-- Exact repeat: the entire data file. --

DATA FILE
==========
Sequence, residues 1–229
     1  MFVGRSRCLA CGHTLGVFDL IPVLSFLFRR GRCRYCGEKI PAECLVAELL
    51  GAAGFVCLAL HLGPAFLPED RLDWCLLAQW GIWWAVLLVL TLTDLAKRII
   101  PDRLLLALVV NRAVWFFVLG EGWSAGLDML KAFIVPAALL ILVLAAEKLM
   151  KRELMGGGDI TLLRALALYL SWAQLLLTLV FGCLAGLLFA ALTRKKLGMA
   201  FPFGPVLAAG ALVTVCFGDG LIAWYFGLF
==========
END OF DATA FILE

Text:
Sequence, residues 1–229
     1  MFVGRSRCLA CGHTLGVFDL IPVLSFLFRR GRCRYCGEKI PAECLVAELL
    51  GAAGFVCLAL HLGPAFLPED RLDWCLLAQW GIWWAVLLVL TLTDLAKRII
   101  PDRLLLALVV NRAVWFFVLG EGWSAGLDML KAFIVPAALL ILVLAAEKLM
   151  KRELMGGGDI TLLRALALYL SWAQLLLTLV FGCLAGLLFA ALTRKKLGMA
   201  FPFGPVLAAG ALVTVCFGDG LIAWYFGLF